Author: Scott Lynch
Series: Gentleman Bastard #2
Read: March 2, 2014
Summary: Locke and his trusted sidekick, Jean, target the grandest prize of all: the Sinspire, the most exclusive and heavily guarded gambling house in the world. Its nine floors attract the wealthiest clientele—and to rise to the top, one must impress with good credit, amusing behavior... and excruciatingly impeccable play. For there is one cardinal rule, enforced by Requin, the house's cold-blooded master: it is death to cheat at any game at the Sinspire.
But someone in Tal Verrar has uncovered the duo's secret. Someone from their past who has every intention of making the impudent criminals pay for their sins. Now it will take every ounce of cunning to save their mercenary souls. And even that may not be enough. goodreads
Review: The boys are back! And this time, they are going out to sea to live the pirate life. From the very first pages in the prologue, Scott Lynch rips your heart out, dances all over it, and then feeds it to his dog. If those first handful of pages don't just kill you, you should put this book back and quit reading altogether because you will never be able to connect with a story or a set of characters if you can connect with these guys. Just quit know.
If you haven't quit, then you will jump back a couple of years in the first few chapters to pick up where Lies left off. Locke is recovering and Jean is doing his best to take care of him. Pretty early on, we start to see the relationship between these two start to fray. They are both overwhelmed by recent events and are handling it very differently which causes some friction. Luckily, they get past it and begin their next con. This story started out following the boys on a con at a gambling house but quickly veered off to a story of Tel Verrar politics and the life of a pirate.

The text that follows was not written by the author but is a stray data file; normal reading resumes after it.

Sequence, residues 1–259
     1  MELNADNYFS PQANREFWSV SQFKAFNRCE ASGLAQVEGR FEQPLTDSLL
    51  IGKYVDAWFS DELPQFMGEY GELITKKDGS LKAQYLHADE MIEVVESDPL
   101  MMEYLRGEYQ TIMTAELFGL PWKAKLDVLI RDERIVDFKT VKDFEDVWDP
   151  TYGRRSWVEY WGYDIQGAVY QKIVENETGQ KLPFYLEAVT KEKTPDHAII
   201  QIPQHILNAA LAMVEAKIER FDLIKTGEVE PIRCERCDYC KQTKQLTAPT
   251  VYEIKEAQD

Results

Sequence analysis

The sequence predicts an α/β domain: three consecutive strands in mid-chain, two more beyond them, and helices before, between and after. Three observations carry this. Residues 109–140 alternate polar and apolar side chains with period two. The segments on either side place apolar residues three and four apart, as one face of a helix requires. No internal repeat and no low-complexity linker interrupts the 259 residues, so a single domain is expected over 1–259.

I really enjoyed the story pretty much up until they became pirates but then I kind of fell off. Don't get me wrong, I still loved it and Jean and Locke and some of the new characters but I couldn't care less for the life of a seaman and all of the details that were included regarding how to man a ship. Didn't care. Eventually the boys pick up their con in Tal Verrar again which I enjoyed but it was relatively anti-climatic.
I guess I'm a Gentleman Bastards purist and I want to learn about the cons and the stealing and the relationships more than technical ship information. While the story didn't do as much for me as Lies did, I really felt like Jean and Locke's relationship was tested and grew during this book, which of course I loved. I'm currently reading the third book and I've officially met Sabetha so I can't wait to see where the story goes.
Not as entertaining as Lies of Locke Lamora but still damn good!